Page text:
While there is no mandatory regulation of letting agents and landlords, there are nearly 150 pieces of law affecting tenancies. We are proud to be members of ARLA Propertymark, voluntarily adhering to a nationally recognised code of practice, enabling us to give you a more complete service and greater peace of mind. We can help you to meet all the legal requirements necessary to let out your property, so you can sit back knowing your investment is in safe hands.
Landlords are legally responsible for the gas safety of their properties. The Gas Safety (Installation and Use) Regulations 1998 outlines what landlords must do to ensure gas appliances, fittings and flues provided for tenants are safe. Landlords must arrange an annual gas safety check on every gas appliance and flue by a registered Gas Safe engineer. When the Gas Safe registered engineer has completed the safety check they will provide a Gas Safety record.
Carbon Monoxide and Smoke Alarms
The Government has introduced the Smoke and Carbon Monoxide Alarm Regulations (2015) to make landlords in the private rented sector in England responsible for ensuring that smoke and carbon monoxide detectors are appropriately installed and are in proper working order at the start of a new tenancy. The Regulations effect England only and came into force on 1 October 2015. Landlords will have to ensure that a smoke alarm is fitted on every floor of their property where there is a room used wholly or partly as living accommodation. They will also have to put a carbon monoxide alarm in any room where a solid fuel is burnt, such as wood, coal or biomass and includes open fires. It does not include gas, oil or LPG. Landlords or agents will then have to ensure that the alarms work at the start of each new tenancy.
Landlords have a legal duty to ensure that their rental property and any electrical equipment provided is safe before a tenancy begins and throughout its duration. Tests are recommended to be carried out by a registered electrician at least every five years. If you do not undertake PAT tests on any electrical items provided in the tenancy, it is recommended that portable electrical appliances should be checked by the landlord before letting the property to ensure that there are no cuts/abrasions to the cable, the plug is satisfactory, there are no loose parts or screws, that there are no signs of burning and there is no damage.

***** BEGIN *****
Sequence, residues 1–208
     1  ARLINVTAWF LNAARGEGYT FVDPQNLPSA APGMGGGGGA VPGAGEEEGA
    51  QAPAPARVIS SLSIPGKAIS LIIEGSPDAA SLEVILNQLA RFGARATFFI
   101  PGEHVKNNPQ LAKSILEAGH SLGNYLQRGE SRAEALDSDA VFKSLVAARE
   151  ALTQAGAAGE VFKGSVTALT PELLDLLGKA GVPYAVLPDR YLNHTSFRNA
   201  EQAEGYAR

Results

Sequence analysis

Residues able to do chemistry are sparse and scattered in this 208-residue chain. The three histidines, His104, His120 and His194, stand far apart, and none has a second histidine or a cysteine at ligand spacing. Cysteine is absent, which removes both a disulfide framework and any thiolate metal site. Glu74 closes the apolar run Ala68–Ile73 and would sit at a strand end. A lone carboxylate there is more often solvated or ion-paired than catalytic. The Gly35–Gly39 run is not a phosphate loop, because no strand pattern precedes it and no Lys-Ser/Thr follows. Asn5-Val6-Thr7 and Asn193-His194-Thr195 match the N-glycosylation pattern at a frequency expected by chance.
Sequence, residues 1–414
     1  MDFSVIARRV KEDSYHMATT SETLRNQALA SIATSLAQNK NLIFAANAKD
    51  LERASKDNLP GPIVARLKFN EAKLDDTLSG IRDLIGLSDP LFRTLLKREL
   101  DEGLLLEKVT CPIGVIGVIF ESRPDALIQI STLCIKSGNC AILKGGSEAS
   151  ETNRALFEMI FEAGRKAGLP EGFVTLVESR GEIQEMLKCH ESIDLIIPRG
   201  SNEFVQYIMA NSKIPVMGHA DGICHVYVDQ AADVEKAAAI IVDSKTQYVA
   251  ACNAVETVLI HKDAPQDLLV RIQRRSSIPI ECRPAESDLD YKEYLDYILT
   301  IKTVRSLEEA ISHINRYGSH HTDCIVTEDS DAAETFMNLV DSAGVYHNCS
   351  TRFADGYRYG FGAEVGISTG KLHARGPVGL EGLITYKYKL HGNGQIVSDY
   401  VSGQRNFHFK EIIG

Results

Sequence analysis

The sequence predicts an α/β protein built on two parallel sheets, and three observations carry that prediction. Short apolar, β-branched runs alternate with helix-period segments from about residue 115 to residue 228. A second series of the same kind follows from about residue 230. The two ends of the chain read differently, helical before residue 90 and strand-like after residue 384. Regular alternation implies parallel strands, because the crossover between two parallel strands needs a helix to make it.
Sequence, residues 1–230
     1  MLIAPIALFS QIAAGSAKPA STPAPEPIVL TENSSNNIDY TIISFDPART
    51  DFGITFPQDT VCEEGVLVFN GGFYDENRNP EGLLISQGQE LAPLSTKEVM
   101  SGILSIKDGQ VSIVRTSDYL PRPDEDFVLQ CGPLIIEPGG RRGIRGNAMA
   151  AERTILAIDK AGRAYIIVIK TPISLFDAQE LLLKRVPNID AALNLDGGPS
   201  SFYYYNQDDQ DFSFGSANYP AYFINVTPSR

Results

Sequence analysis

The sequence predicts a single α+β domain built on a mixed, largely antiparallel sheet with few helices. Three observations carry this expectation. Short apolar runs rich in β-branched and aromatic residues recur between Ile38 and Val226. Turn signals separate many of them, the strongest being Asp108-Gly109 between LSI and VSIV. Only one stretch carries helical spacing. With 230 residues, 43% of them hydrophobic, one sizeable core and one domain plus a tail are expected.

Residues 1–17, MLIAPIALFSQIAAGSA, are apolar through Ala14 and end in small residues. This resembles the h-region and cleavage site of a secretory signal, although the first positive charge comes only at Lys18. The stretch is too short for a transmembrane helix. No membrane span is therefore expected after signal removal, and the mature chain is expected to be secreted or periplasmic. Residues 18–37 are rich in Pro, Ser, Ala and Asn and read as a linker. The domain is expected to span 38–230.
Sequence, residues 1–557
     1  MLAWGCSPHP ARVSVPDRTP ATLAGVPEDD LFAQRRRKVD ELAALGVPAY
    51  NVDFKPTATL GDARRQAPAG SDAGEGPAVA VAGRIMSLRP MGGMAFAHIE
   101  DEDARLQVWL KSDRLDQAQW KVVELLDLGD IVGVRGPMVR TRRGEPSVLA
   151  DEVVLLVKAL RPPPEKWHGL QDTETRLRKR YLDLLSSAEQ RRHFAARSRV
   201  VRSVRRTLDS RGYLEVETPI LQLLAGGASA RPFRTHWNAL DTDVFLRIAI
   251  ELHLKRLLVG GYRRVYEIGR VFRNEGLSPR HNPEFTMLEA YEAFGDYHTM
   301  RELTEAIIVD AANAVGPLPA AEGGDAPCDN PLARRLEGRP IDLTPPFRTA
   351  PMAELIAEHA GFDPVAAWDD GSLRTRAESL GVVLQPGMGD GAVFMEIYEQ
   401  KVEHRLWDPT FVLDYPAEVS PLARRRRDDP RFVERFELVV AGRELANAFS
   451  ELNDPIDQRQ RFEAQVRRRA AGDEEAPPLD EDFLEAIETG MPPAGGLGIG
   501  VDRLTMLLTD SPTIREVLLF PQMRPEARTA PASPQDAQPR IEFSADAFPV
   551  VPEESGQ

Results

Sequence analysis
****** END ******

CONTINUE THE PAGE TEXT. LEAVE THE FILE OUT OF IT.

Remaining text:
Legionnaires' disease is a pneumonia like infection caused by Legionella bacteria, commonly through the inhalation of small droplets of contaminated water. Landlords must assess and control the risk of exposure of tenants to legionella to ensure the safety of their tenants, but this does not require an in-depth detailed assessment. Most landlords can assess the risk themselves and do not need to be professionally trained.
Furniture and Furnishings
The Furniture and Furnishings (Fire) (Safety) Regulations 1988* set levels of fire resistance for domestic upholstered furniture, furnishings and other products containing upholstery. They should pass the 'smouldering cigarette' and 'match ﬂame' resistance test and carry a label conﬁrming this. Generally, items manufactured in the UK after 1990 are likely to meet the required standards and display the appropriate compliance.** If items do not comply they should be removed from the property before it is let.
* As amended 1989, 1993, 2010
** Exceptions apply
Right to Rent
Under Section 22 of the Immigration Act 2014 a landlord must not authorise an adult to occupy property as their only or main home under a residential tenancy agreement unless the adult is a British citizen, or European Economic Area (EEA) or Swiss national, or has a Right to Rent in the UK. The law introduces a requirement from 1 February 2016 for all landlords of private rental accommodation in England to carry out Right to Rent checks for new tenancy agreements to determine whether occupiers aged 18 and over have the right to live in the UK legally.
The Energy Efficiency (Private Rented Property) (England and Wales) Regulations 2015 introduce measures to improve the energy efficiency of private rented property under the Energy Act 2011. Part Three of the Regulations outline that private sector landlords must not grant a new tenancy of a property (including an extension or renewal) they let after 1 April 2018 and must not continue to let the property (on an existing tenancy) after 1 April 2020, where the Energy Performance Certificate (EPC) is below the minimum level of energy efficiency for private rented properties of band E.
Houses in Multiple Occupation (HMO)
A House in Multiple Occupation (HMO) is a property that is shared by three or more tenants who are not living together as a family and who share basic amenities such as a kitchen, bathroom or toilet facilities but have separate bedrooms. If the property is in Loughborough and has three or more unrelated tenants, or outside Loughborough and has more than six unrelated tenants then you will need planning permission for a HMO.